See Figures 1, 2 and 3
The YF carburetor is a single barrel downdraft carburetor with a diaphragm type accelerator pump and diaphragm operated metering rods.
ADJUSTMENTS - Float Level
- Invert the air horn assembly and check the clearance from the top of the float to the surface of the air horn with a T-scale. The air horn should be held at eye level when gauging and the float arm should be resting on the needle pin.
- Do not exert pressure on the needle valve when measuring or adjusting the float. Bend the float arm as necessary to adjust the float level.
- Hold the air horn up with the float hanging free.
- Measure the distance between the top of the float at the extreme out end and the air horn under surface.
- Adjust by bending the tab at the rear of the float lever.
- Back out the idle speed adjusting screw until the throttle plate is seated fully in its bore.
- Press down on the upper end of the diaphragm shaft until the diaphragm bottoms in the vacuum chamber.
- The metering rod should contact the bottom of the metering rod well and lifter link at the outer end nearest the springs and at the supporting link. The eyelet of the rod should slide freely on the pin of the metering rod arm.
- On models not equipped with an adjusting screw, adjust by bending the metering rod pin tab.
- On models with an adjusting screw, turn the screw until the metering rod just bottoms in the body casting. For final adjustment, turn the screw one additional turn clockwise.
Fast Idle Cam
- Open the throttle side enough to allow full closing of the choke valve. Be sure that the fast idle screw is not contacting the fast idle cam.
- Close the throttle valve and the fast idle cam should revolve to the fast idle position.
- If adjustment is necessary, bend the choke rod at its upper angle.
- Position the fast idle screw on the second step of the fast idle cam and against the shoulder of the high step. Measure the specified clearance between the lower edge of the choke plate and the air horn wall. Bent the choke rod to adjust.
- Fast idle speed may be checked with the engine warmed up. Speed adjustment is made by bending the choke rod at the lower angle. The speed is given with the adjusting screw on the second step and against the highest step. Adjustment is made with the adjusting screw.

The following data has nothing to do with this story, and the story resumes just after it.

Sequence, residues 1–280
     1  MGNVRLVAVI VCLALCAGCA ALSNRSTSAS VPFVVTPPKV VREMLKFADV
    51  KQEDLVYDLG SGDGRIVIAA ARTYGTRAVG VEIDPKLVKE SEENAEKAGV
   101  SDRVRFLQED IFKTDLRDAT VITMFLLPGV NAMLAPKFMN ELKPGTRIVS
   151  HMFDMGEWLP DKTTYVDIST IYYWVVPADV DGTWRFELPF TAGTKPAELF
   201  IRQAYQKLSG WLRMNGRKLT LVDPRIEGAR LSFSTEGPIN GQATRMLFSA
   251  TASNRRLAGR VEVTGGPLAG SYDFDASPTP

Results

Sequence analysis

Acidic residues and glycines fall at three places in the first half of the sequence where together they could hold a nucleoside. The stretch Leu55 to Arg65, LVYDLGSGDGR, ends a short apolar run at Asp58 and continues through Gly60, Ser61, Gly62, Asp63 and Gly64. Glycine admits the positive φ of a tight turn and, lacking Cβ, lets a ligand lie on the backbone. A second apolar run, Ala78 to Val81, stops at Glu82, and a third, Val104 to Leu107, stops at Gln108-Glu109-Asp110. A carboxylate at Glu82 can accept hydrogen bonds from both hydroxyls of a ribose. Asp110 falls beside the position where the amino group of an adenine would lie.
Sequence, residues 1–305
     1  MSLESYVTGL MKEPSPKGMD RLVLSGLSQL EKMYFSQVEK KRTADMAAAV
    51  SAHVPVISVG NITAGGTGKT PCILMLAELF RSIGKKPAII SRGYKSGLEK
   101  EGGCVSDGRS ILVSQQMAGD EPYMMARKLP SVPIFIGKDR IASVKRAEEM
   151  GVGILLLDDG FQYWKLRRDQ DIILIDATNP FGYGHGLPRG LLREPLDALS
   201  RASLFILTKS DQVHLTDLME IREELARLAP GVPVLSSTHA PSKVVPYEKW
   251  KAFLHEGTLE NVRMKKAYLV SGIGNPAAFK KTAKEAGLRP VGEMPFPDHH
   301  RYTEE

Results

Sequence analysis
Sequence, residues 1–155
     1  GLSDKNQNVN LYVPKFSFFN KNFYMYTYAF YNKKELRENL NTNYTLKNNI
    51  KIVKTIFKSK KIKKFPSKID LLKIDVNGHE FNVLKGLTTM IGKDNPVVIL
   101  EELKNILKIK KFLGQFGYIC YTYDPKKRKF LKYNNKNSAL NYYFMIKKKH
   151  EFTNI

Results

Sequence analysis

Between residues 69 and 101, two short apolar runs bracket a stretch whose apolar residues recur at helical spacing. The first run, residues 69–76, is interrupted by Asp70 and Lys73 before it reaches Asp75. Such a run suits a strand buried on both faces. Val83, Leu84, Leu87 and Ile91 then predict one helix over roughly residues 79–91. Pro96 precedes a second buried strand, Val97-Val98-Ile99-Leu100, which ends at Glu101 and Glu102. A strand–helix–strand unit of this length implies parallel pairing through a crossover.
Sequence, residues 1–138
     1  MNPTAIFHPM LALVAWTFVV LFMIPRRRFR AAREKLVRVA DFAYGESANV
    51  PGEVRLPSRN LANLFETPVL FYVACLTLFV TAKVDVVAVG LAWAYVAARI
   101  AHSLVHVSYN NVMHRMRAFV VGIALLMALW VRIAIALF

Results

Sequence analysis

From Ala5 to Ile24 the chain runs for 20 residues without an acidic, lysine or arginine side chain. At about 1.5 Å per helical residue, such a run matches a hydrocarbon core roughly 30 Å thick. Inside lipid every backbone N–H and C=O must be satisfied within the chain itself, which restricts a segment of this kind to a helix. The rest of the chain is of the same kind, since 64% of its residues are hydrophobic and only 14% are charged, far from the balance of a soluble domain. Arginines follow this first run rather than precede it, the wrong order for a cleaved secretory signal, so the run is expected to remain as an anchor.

EGR hoses must be blocked off and TCS solenoid vacuum valve wires must be disconnected to do this.
With the throttle valve held wide open and the choke valve held in the closed position, bend the unloader lug on the choke trip lever to obtain the specified clearance between the lower edge of the choke valve and the air horn wall.
- Loosen the choke cover retaining screws.
- Turn the choke over so that the index mark on the cover lines up with the specified mark on the choke housing. Never set it more than two graduations in either direction of the specified setting.
Electrically Assisted Choke
Starting with the 1976 models, some single barrel Carter YF carburetors use an electrically assisted choke to reduce hydrocarbon and carbon monoxide exhaust emissions during warm-up.
Once underhood temperatures reach 95°F (15°F), a bimetallic switch located in the choke cap closes, allowing a ceramic heating element to draw power from a special tap on the alternator.
This causes the choke valve to open faster than normal, thus reducing CO emission during engine warm-up.
After the engine is shut off, the bimetallic switch remains closed until underhood temperature drops below 65°F. Thus, if the engine is turned off for only a short time or if the ambient temperature is above 65°F, the choke will function for only a limited period of time.TESTING
- Detach the electrical lead from the choke cap.
- Use a jumper lead to connect the terminal on the choke cap and the wire terminal, so that the electrical circuit is still completed.
- Start the engine.
- Hook up a test light between the connector on the choke lead and ground.
- The test light should glow. If it does not, current is not being supplied to the electrically assisted choke.
- Connect the test light between the terminal on the alternator and the terminal on the choke cap. If the light now glows, replace the lead, since it is not passing current to the choke assist.
- If the light still does not glow, the fault lies somewhere in the electrical system. Check the system out.
If the electrically assisted choke receives power, but still does not appear to be functioning properly, reconnect the choke lead and proceed with the rest of the test.
- Tape the bulb end of a thermometer to the metallic portion of the choke housing.
- If the electrically assisted choke operates below 55°F (13°C), it is defective and must be replaced.
- Allow the engine to warm-up to between 80°F and 110°F (27-43°C); at these temperatures the choke should operate for about 1 1 / 2 minutes.
- If it does not operate for this length of time, check the bimetallic spring to see if it is connected to the tang on the choke lever.
- If the spring is connected and the choke is not operating properly, replace the cap assembly.
- Unfasten the electrical lead from the choke cover.
- Remove the choke cover retaining screws and clamp.
- Remove the choke cover and gasket from the carburetor.
- Installation is performed in the reverse order of removal. Adjust the choke cover.